That said, I’m quite happy much of the time to eat the same stuff, read the same stuff, talk to the same people, and so on. Really, I could just stay home a lot of the time and be perfectly content.

How do I get into new stuff?

Well … every now and then, it’s something that I’ve been interested in for a while but never made time for (because you can’t do it all at once) — like photography.

Even more rarely, it’s something that creeps into my life in such a way that I don’t even remember how it got there, and then it grows and I feed it and it grows and I feed it… — like triathlon (currently defunct) and healthy living stuff.

Most of the time? Someone else introduces me to it. Most of the music I listen to; all “ethnic” food that isn’t Italian, Polish, or American Chinese; running; rock climbing; camping; a trove of details about dinosaurs, Saturn V, and Minecraft. These are all things that I would not have come into on my own — someone else introduced me to them.

And my life is richer for it.

Though I would be OK without Minecraft.

If you know my eating habits, you know some of my favorite restaurants are Indian, Thai, Ethiopian, Mediterranean. I never ate any of these before I moved to Arizona. (Thank you to the people who introduced me to these amazing cuisines!)

What have you done or eaten or listened to or read or watched lately that was new? (And what do you love that you can share with me that might be new to me?)

Posted in audience participation, connections, differences, hope, know better do better, mental health, mindset, motivation, parenting, physical health, thoughtfulness, vulnerability

Workplace wellness

Today’s post is full of broad sweeping statements. Of course they are not true for every individual in every category. But I’m not going to make a disclaimer in every paragraph because it’s unwieldy to read.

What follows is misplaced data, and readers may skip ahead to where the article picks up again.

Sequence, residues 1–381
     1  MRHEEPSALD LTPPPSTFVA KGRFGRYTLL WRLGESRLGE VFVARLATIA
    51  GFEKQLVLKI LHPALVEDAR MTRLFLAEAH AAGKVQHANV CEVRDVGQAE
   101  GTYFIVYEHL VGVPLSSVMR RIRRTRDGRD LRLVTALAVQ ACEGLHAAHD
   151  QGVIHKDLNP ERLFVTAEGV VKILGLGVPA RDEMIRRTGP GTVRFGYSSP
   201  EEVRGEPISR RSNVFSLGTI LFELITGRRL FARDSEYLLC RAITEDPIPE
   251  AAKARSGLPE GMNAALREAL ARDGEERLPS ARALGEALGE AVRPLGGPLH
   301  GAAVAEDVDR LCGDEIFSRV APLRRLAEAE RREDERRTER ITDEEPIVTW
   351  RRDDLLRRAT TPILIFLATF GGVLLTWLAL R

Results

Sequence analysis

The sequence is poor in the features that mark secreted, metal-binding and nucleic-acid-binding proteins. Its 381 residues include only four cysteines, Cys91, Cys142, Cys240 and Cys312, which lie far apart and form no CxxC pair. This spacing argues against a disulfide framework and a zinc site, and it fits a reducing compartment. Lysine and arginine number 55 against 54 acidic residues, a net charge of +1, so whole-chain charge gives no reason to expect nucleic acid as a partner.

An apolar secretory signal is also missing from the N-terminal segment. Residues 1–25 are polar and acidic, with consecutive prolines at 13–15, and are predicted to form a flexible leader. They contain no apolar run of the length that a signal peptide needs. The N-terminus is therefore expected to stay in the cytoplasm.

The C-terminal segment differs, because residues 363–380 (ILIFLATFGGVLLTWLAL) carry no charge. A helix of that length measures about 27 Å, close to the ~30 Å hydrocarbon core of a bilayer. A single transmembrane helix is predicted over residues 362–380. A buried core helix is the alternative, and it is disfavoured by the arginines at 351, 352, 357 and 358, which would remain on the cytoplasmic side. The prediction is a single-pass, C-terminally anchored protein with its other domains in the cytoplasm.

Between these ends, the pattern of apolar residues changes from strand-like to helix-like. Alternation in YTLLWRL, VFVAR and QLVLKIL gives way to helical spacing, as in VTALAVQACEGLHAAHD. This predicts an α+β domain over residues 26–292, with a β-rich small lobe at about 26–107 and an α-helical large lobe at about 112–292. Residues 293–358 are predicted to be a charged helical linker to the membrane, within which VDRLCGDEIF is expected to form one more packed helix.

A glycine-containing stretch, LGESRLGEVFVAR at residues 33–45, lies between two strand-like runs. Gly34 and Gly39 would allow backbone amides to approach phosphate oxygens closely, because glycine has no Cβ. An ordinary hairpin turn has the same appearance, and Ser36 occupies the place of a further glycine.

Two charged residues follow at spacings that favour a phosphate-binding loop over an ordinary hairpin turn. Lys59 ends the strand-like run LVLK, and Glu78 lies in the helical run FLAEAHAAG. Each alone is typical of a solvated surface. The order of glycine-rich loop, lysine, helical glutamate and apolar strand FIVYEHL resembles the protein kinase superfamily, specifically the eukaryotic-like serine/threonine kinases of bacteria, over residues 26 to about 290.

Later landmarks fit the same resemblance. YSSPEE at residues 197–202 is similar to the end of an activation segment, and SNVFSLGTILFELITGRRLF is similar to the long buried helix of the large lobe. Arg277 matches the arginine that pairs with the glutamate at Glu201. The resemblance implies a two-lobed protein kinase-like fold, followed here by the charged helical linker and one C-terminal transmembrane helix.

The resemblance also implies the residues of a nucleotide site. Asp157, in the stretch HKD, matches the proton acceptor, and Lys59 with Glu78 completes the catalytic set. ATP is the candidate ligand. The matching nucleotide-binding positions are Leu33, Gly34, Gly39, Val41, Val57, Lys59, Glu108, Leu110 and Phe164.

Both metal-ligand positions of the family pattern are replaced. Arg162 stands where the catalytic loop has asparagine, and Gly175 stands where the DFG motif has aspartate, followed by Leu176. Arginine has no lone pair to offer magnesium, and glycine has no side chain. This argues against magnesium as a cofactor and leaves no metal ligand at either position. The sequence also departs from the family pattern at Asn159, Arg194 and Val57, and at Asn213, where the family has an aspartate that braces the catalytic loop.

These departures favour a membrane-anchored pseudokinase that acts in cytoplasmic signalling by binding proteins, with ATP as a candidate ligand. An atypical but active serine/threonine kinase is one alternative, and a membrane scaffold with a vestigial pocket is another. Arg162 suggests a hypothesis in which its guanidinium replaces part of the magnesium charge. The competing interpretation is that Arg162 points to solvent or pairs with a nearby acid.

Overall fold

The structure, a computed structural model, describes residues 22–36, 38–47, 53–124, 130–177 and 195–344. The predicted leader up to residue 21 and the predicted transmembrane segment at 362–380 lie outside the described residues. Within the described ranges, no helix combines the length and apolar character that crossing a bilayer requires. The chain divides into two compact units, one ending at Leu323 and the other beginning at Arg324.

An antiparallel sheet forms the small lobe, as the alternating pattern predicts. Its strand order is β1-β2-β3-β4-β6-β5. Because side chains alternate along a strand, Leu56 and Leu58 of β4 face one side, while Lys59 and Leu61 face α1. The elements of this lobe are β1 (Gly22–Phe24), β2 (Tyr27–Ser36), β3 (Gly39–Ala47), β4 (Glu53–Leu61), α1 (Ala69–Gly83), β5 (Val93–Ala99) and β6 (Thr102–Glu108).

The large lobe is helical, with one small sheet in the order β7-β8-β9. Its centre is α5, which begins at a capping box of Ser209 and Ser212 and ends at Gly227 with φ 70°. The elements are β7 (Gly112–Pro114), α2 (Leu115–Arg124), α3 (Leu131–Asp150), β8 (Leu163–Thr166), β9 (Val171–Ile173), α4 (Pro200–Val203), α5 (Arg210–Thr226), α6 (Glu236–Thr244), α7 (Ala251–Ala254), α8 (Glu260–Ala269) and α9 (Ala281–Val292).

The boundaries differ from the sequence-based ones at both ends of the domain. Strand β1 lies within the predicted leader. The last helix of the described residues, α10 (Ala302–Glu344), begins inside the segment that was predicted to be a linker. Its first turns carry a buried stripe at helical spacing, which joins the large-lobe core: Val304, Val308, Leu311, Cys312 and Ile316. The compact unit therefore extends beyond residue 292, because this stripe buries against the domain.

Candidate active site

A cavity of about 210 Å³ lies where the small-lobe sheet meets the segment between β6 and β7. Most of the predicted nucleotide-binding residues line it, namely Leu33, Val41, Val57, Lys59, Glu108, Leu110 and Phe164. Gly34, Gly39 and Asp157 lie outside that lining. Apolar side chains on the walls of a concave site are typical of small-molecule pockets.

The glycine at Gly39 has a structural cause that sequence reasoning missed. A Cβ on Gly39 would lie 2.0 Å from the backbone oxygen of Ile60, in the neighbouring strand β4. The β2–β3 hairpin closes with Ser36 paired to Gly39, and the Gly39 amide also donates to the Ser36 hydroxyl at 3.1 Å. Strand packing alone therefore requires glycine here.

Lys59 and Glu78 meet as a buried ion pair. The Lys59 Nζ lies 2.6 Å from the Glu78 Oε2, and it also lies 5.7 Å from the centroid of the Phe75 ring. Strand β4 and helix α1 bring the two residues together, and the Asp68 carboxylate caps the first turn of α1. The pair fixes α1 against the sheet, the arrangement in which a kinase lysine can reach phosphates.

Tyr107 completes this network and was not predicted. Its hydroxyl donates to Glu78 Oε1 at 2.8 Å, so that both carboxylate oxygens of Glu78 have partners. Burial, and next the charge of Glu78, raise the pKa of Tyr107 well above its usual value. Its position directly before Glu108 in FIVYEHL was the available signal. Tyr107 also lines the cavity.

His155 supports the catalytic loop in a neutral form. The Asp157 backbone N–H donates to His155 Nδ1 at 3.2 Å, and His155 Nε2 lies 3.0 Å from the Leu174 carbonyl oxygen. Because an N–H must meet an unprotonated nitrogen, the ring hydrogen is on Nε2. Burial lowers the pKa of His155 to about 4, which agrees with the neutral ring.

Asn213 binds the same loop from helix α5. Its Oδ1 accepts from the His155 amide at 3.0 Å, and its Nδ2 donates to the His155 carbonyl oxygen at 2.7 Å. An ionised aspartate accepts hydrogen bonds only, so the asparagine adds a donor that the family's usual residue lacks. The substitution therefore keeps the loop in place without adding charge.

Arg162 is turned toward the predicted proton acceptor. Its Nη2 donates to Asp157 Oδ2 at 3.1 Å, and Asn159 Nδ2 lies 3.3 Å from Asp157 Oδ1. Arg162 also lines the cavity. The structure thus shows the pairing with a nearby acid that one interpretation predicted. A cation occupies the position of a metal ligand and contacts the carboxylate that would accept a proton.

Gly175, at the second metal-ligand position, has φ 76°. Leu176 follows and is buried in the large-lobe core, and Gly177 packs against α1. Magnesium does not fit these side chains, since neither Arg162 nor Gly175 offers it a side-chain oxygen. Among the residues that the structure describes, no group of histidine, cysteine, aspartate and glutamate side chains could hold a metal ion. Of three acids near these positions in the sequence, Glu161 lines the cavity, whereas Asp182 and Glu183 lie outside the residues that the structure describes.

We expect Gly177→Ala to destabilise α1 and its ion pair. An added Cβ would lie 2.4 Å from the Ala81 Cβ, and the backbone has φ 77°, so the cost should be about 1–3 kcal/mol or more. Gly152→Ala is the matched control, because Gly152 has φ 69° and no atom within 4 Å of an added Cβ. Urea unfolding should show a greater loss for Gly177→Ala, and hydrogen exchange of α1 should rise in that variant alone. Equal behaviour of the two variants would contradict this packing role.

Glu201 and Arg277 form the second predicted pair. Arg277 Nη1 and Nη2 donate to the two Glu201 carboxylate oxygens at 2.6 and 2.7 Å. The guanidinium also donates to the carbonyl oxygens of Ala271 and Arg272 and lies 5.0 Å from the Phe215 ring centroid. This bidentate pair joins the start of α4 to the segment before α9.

Many companies are introducing (or have already introduced) wellness incentive plans regarding various biomarkers of their employees (with questionable legality).

But stress is seemingly worse for your health than any of the markers they’re measuring.

How many employers are actively seeking to reduce their employees’ stress levels?

None? Benefit of the doubt and say a few?

This embodies so many facets of America.

1. We’re unhealthy. We eat badly; we move insufficiently; we’re overweight and underslept; we lack meaningful community; we view vulnerability—necessary for connection—as a weakness; we prioritize work over play, over rest, over family; in addition to all of the -isms that culturally define us.

2. We don’t believe in health care as a right. Which, on a tangent, is mostly sick care. (For more details on that, see point #1.) Only people who work the right jobs for the right people for the right number of hours get to have health insurance. And even then, many of those people still have to pay for it. Sometimes a lot. And pay even more for their families to be covered. Which doesn’t even cover all of what’s potentially needed.

3. Companies are not interested in their people. They are interested in money. So they do whatever they can to siphon more money to the top people. (Because, despite current mindset, companies are not actually in themselves people. They’re just run by people. So we could more accurately say that the people at the top of companies are disinterested in everyone else in the company, so long as they continue to live large.)

Whether that’s hiring fewer salaried employees and expecting them to work more (sometimes way more) than 40 hours per week, or hiring more hourly employees part time so they don’t have to pay for benefits, or paying as little as possible, or countless other possibilities, the money needs to pour up.

It’s a giant mindset problem. A cultural problem. A mental health problem. A shaming problem. A physical health problem. An economic problem.

I don’t know how to fix it.

But I do know that I can contact people in charge of stuff (whether it’s government officials or company leaders), and I can vote. (Are you registered? If not, open another browser window and go do it now! People taking it all for themselves depend on your apathy to maintain or advance their position.)

And I can do my best to be the change I want to see, live my life out loud, and hope others join me. (And they do. They always do.)

Be the change. Be self-aware, even (especially) when it sucks. Be open. Be vulnerable. But be fierce.